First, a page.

You are inhabiting an implied human body within the world of the reconstruction

One of the ironies of the research process is that some of the key engravings depicting Pope’s house used in the model came from Pope’s nemesis, the printer Edmund Curll. Their bitter recriminations over accusations of pirated texts and libellous satire had reached a head in 1716. According to a pamphlet published that year, whilst out on the town Pope spiked Curll’s pint with an emetic, causing him to vomit profusely. There is some scholarly debate about whether this actually happened, or whether Pope widely publicised the story as a sort of revenge fantasy. Regardless, that Curll’s piratical printing enabled the restoration of his poisoner’s villa is a piece of irony worthy of Pope himself.

Watching the demonstration of this digital model is a curious experience, in part because the medium, a video game engine, brings with it certain norms of design. We start our journey to Pope’s garden as a passenger in a rowing boat, with expositional dialogue highlighting the sights of the Thames-side. The complexities and tribulations of model-making are ably demonstrated here, as the oar of our wherry sweeps cleanly through the neck of a swan, leaving the swan totally unfazed and un-decapitated.

As someone used to the vagaries of video game engines, I felt that the familiar formal tropes of video games structured my experience of the reconstruction. As you jerkily move around the garden with your left thumb on an analogue stick, you control a first-person point of view camera with your right. You are inhabiting an implied human body within the world of the reconstruction, an eye-view, but you do not really inhabit that body. There is a freeness and ease of movement: you are playing a video-game. I found myself looking up at the façade of Pope’s villa, remembering the urban landscapes of the Assassin’s Creed franchise and wondering how exactly I might climb to the top. This is not a thought that has ever seized me when visiting a country house in real life.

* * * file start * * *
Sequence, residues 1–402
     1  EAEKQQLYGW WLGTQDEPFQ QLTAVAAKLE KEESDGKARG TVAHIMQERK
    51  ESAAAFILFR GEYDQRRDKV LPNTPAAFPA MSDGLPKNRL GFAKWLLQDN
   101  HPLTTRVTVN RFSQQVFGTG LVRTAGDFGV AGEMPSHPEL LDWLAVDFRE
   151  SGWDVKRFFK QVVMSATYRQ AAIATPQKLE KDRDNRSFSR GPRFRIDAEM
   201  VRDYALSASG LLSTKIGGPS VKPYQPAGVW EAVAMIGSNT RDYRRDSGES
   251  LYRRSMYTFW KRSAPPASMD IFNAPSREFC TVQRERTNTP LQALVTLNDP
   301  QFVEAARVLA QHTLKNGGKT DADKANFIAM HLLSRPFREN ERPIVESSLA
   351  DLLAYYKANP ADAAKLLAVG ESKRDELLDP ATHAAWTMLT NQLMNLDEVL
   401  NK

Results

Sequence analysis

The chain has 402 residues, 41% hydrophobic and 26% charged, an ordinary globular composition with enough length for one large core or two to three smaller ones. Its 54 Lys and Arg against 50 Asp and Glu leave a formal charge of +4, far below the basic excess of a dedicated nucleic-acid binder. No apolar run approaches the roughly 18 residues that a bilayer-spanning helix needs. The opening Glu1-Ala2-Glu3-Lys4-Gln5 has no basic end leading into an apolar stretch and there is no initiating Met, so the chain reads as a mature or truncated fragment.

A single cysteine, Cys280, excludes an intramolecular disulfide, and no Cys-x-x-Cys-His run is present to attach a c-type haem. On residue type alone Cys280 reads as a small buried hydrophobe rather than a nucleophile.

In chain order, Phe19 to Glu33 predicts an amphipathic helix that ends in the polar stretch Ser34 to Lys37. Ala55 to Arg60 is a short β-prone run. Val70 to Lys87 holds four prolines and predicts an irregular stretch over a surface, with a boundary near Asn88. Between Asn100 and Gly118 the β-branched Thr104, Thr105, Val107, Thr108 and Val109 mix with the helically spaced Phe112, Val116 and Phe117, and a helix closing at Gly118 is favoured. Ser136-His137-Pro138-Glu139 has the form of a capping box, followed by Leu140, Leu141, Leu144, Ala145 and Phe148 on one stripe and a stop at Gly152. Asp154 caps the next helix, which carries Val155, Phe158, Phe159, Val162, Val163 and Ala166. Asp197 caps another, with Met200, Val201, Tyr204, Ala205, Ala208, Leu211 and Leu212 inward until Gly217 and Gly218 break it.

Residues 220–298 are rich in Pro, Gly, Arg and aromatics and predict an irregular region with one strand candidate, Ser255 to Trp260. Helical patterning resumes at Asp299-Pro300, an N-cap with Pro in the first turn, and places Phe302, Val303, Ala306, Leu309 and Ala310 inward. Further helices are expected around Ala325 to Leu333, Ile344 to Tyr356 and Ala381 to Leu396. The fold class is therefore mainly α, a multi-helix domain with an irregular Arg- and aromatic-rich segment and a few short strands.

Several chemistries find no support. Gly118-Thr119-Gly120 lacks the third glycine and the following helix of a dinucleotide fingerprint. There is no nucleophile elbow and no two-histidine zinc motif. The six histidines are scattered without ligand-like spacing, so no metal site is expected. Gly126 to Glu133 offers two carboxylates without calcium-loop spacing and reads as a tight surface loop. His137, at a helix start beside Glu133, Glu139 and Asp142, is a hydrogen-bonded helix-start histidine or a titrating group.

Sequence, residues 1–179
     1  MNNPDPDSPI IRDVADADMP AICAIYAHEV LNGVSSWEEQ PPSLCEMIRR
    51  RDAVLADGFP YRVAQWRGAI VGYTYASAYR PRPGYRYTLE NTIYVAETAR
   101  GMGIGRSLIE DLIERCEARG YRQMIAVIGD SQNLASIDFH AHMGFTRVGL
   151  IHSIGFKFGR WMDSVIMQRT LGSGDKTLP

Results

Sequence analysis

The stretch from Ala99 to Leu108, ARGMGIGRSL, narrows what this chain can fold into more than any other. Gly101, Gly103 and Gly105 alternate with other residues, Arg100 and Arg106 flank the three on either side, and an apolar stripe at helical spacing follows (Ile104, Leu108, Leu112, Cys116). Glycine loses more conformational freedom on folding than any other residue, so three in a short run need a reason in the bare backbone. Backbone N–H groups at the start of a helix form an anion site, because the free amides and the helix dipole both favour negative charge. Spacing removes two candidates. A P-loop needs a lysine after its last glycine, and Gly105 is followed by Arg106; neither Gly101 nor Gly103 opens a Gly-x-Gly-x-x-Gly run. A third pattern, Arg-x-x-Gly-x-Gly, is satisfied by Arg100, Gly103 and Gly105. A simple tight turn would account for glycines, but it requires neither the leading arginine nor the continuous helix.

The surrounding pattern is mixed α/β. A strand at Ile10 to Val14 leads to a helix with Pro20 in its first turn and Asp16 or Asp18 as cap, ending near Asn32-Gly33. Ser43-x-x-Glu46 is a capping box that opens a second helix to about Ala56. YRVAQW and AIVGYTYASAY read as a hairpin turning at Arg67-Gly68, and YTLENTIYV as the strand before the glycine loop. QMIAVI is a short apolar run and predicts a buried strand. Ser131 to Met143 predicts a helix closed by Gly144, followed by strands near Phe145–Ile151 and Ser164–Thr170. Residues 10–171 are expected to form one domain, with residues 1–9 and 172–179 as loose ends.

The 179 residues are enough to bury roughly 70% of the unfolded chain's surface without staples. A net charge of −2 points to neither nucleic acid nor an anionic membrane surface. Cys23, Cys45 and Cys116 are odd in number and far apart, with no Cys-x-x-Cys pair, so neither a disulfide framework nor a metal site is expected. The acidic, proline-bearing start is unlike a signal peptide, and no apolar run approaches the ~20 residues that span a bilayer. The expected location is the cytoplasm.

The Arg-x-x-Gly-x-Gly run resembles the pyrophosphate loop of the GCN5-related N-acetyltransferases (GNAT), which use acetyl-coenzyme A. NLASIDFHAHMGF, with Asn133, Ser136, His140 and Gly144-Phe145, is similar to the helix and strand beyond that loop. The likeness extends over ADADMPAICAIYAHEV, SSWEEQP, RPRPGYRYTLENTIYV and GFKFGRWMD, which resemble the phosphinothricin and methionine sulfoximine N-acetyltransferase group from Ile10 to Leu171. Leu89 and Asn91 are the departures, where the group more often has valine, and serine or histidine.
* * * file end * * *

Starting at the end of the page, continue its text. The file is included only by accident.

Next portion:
Whilst some of the shrubbery tends towards the low-resolution video-game greenery of the noughties, the textures of the stone and some of the trees are rendered with a staggering degree of precision. If you manoeuvre yourself up close, you can see patterns of yellow lichen running over the limestone of the garden’s follies, which has been modelled to accurately reflect a couple of decades of growth in the climate of 18th century Twickenham.

Pope was explicit that this mode of landscaping was itself a reconstruction